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The Rick Chinn
P48 power supply

The P48 box

Our friend Rick Chinn writes:  This electronic gadget is an adapter that I made to allow the Sony C-55 microphone to run from a P48 (phantom) powered input. The original C-55 slightly predated phantom powering, and it has a five-pin XLR connector. Pin 5 connects to pin 1, which turns the microphone on and off (in addition to the battery switch on the response control ring). Sony did make an external power supply for this, which just grabbed pin 4 on the XLR-5. The battery for this (as well as the Sony ECM-377 microphone) is nearly extinct, so the P48 box is the way to fly.

The Sony C-55 microphone predates the widespread adoption of phantom power for powering condenser microphones. This circuit extracts the phantom power voltage from the balanced line and delivers it to the microphone via the extra pins in the five-pin connector. The C-55P microphone has a three-pin conector and can be powered by P48 powering.

R1 and R2 pick off the phantom voltage of the balanced line coming from the microphone preamp. D1, a 9v1 zener, pulls the voltage down to 9.1 volts. C1 bypasses any noise caused by the zener and lowers the source impedance of the virtual battery created by the zener and the phantom power voltage. D2 ensures that the microphone’s battery, if installed, can’t “backwash” the zener in the adapter box. It diode ORs the virtual battery with the battery in the microphone.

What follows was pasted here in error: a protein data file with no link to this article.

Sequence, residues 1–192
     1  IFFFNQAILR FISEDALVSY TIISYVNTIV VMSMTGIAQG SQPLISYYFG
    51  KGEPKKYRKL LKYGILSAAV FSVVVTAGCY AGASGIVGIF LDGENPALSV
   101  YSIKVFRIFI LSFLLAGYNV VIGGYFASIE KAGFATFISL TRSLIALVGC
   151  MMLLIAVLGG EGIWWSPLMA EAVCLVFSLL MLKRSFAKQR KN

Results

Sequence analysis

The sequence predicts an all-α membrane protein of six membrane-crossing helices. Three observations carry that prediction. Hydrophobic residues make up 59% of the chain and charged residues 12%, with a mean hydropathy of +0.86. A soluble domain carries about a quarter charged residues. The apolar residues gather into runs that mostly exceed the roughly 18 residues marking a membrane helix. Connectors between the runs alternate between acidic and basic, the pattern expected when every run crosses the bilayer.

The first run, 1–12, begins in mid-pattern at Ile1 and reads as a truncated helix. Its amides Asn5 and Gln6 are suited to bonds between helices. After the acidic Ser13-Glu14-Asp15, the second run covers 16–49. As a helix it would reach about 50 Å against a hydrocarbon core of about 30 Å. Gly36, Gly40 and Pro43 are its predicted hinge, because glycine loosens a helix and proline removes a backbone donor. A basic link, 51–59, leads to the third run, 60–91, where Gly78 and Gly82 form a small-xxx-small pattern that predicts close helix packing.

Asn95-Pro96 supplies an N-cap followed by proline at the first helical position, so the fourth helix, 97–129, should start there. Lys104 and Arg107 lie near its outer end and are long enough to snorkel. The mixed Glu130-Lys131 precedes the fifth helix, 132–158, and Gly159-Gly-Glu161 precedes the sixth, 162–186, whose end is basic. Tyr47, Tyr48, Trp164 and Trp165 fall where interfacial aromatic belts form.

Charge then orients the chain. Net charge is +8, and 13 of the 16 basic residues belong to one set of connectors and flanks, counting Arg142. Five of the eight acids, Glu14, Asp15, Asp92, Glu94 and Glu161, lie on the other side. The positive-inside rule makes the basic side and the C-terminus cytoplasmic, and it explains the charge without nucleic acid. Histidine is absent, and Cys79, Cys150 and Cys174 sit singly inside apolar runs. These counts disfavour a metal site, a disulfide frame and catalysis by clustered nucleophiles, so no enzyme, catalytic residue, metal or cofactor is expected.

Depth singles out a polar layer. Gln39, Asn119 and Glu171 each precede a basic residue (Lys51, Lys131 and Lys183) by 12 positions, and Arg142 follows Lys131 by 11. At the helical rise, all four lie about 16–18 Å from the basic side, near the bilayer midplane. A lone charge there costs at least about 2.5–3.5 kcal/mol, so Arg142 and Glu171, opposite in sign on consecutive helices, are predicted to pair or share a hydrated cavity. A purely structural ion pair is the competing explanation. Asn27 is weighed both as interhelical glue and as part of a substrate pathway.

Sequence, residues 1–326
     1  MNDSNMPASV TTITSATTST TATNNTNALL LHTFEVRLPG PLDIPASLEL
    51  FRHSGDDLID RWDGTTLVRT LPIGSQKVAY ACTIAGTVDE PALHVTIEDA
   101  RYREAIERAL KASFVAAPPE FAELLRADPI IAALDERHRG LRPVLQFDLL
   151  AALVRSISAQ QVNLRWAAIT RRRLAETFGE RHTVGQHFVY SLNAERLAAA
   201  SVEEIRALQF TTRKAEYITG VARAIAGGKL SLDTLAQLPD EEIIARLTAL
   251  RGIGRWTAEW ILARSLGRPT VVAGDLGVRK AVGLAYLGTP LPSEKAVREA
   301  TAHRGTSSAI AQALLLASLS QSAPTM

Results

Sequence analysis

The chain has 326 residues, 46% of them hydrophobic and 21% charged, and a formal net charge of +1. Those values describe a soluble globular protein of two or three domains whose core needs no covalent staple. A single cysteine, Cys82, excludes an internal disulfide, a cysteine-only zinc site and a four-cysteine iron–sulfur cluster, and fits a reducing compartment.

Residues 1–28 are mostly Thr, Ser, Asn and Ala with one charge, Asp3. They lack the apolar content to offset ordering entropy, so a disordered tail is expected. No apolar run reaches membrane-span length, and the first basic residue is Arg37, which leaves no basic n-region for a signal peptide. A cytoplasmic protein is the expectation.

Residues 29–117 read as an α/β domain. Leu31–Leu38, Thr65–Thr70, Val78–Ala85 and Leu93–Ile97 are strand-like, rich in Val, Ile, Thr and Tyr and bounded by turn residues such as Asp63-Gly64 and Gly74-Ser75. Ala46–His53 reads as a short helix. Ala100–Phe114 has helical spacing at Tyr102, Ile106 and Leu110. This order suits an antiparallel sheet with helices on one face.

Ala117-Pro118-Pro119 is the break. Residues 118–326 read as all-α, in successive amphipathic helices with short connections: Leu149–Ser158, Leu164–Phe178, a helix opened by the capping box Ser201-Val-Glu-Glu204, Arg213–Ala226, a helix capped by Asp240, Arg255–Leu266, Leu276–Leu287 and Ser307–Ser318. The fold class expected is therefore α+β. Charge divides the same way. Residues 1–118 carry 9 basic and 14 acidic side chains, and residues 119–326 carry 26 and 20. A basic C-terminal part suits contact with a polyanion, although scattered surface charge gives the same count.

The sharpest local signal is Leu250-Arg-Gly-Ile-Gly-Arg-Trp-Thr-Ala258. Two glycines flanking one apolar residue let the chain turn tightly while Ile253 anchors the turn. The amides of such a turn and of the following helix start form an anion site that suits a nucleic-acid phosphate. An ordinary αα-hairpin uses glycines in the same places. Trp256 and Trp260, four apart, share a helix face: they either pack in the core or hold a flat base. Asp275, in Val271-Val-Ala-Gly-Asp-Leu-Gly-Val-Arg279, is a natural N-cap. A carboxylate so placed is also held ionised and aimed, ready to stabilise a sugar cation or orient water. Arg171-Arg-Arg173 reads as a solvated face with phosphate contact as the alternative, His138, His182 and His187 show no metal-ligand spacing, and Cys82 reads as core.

C2 and R3 ground the circuit’s metal box for RF, but not for DC, to prevent potential ground loops caused by setting the box onto something conductive that is part of a different ground system.

The microphone’s output is transformer-balanced, making it inherently compatible with a phantom-powered microphone input. The remaining two pins of the XLR5 connector have the microphone’s battery on one pin and the ground side of the microphone’s power switch. This pin must be grounded for the microphone to work on battery, which also lets the battery back up the P48 supply. As long as P48 is present, no current is drawn from the battery. The microphone’s usual output cable, XLR5-F to XLR3-M, has pins 1 and 5 shorted at the XLR-5.

Rick Chinn ps